PowerCell Sweden AB has announced that it has received an order for two MS-30 fuel cell systems from an undisclosed global automotive tier 1 supplier for delivery in Q1/Q2 2019. The systems are built around PowerCell’s fuel cell stack S2 and with an effect of 30 kW. The supplier will install the systems as range extenders (REX) in vehicles for tests in China.
PowerCell MS-30 fuel cell system has been developed with the specific purpose to be suitable in the use as a range extender. Electric vehicles (EV) that use fuel cells as range extenders have batteries as its main source of energy and use the fuel cells to charge the batteries during operation.
By using fuel cells in this way, the vehicles extend their range compared to if they were using just the energy stored in the batteries. The PowerCell MS-30 uses pure hydrogen and has been sold to several vehicle manufacturers operating in China.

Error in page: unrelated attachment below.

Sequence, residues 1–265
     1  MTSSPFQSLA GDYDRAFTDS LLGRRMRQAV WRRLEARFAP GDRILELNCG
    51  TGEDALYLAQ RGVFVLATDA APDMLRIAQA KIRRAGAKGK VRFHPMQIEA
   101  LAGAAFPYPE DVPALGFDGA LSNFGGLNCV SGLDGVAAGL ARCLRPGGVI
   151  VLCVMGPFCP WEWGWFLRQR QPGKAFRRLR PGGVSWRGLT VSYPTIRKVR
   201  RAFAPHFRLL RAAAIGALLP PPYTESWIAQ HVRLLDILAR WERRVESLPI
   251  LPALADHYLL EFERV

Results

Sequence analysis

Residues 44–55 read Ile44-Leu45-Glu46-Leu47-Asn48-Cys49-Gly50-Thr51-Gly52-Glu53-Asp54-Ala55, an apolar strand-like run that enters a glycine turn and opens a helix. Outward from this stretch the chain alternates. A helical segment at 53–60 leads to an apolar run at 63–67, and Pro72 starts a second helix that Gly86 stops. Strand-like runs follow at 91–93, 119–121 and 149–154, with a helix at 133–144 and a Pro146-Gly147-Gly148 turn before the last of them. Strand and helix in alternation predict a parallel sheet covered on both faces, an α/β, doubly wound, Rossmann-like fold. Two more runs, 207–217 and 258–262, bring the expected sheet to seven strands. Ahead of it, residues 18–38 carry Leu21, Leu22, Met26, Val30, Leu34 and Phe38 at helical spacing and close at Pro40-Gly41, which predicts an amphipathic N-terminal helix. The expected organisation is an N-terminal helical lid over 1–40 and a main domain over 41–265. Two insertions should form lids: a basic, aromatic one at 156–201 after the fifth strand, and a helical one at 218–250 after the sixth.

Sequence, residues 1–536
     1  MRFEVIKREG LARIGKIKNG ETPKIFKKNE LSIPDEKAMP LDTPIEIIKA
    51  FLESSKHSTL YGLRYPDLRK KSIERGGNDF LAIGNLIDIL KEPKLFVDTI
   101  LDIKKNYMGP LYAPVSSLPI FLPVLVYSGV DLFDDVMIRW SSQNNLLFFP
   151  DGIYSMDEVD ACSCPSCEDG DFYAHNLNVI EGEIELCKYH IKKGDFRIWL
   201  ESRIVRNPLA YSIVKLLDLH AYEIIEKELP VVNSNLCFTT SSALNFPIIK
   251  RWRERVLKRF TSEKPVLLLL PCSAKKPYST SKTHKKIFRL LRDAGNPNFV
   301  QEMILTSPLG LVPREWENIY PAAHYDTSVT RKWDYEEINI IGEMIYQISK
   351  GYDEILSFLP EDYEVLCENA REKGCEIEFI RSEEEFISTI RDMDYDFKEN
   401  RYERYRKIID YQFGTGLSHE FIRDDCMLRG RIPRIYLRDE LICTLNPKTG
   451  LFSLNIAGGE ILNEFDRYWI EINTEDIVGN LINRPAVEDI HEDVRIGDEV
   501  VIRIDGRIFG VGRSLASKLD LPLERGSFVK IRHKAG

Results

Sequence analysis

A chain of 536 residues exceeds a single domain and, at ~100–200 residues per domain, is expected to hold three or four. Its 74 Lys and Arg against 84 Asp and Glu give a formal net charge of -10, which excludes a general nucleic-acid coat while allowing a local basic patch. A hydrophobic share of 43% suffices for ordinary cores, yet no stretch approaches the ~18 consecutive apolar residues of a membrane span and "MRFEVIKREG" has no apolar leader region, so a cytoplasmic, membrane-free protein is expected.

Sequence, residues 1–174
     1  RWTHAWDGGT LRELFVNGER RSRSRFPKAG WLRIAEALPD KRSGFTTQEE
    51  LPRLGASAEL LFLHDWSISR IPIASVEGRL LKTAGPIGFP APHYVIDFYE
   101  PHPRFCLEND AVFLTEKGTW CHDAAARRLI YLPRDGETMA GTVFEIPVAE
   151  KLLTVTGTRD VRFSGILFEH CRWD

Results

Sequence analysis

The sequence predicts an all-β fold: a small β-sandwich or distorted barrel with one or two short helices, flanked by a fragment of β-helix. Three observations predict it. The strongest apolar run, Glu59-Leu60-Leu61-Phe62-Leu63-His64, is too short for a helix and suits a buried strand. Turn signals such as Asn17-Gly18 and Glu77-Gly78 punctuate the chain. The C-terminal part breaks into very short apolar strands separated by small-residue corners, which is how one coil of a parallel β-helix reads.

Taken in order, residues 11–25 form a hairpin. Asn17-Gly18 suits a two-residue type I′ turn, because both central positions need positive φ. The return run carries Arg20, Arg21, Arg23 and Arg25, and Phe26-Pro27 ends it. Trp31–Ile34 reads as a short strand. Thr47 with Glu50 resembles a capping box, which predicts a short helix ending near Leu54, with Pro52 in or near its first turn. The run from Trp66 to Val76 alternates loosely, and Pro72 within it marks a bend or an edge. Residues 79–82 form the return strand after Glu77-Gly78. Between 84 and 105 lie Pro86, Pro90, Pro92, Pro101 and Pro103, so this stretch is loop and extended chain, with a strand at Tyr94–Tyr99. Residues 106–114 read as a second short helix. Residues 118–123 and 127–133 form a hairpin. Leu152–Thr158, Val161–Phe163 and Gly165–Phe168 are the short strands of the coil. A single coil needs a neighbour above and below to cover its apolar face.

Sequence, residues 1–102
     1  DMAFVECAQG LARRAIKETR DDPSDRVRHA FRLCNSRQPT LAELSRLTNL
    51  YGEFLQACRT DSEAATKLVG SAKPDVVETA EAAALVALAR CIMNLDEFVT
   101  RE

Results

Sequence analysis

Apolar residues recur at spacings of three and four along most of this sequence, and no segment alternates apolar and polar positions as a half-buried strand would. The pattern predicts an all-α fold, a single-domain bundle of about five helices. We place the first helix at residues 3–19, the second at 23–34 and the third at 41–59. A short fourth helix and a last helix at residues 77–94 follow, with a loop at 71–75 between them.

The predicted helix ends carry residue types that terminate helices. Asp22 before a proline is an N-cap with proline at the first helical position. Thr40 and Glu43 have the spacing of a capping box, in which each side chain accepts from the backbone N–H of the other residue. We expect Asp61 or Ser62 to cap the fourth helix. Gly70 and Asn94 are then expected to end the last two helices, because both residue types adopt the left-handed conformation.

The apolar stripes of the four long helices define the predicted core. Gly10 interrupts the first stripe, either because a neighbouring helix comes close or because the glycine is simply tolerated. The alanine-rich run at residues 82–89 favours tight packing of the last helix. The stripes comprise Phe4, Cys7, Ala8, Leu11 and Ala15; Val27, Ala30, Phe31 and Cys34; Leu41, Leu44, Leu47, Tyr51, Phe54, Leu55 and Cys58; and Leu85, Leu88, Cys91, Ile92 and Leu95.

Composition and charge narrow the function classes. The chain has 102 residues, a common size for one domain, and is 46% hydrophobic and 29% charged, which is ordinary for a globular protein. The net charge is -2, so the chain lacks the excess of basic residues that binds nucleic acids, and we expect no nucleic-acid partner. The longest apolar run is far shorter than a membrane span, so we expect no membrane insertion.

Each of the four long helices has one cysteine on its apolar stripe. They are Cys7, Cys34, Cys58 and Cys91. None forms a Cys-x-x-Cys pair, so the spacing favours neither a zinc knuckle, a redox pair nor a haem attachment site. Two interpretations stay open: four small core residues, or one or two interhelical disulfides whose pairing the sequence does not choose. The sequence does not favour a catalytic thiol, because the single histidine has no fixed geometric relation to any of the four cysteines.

Hydrogen and fuel cells a priority
In its latest 5-year plan the Chinese Government has emphasized hydrogen and fuel cells as a prioritized alternative in reducing emissions of carbon dioxide (CO2) and other harmful matters from road traffic. The current subsidies for electric vehicles running on batteries will be phased out during 2020 and are being replaced with large subsidies for vehicles that are being electrified using fuel cells and hydrogen.
According to PowerCell Sweden, the subsidies will apply to cars and heavy-duty vehicles (HDVs) such as trucks and buses. A heavy-duty truck can qualify for a subsidy of up to as much as SEK 1 million.
China has come to realize that electrification using batteries will not be able to meet the need for massive electrification of the road traffic. It will simply not be possible to provide enough charging stations or the required grid capacity in China’s larger cities for batteries to be a viable alternative. This is a notion that is being increasingly subscribed to also by a growing number of vehicle manufacturers, as they realize that for mass market cars and commercial transports, hydrogen and fuel cells currently is a much better alternative, said Per Wassén, CEO of PowerCell.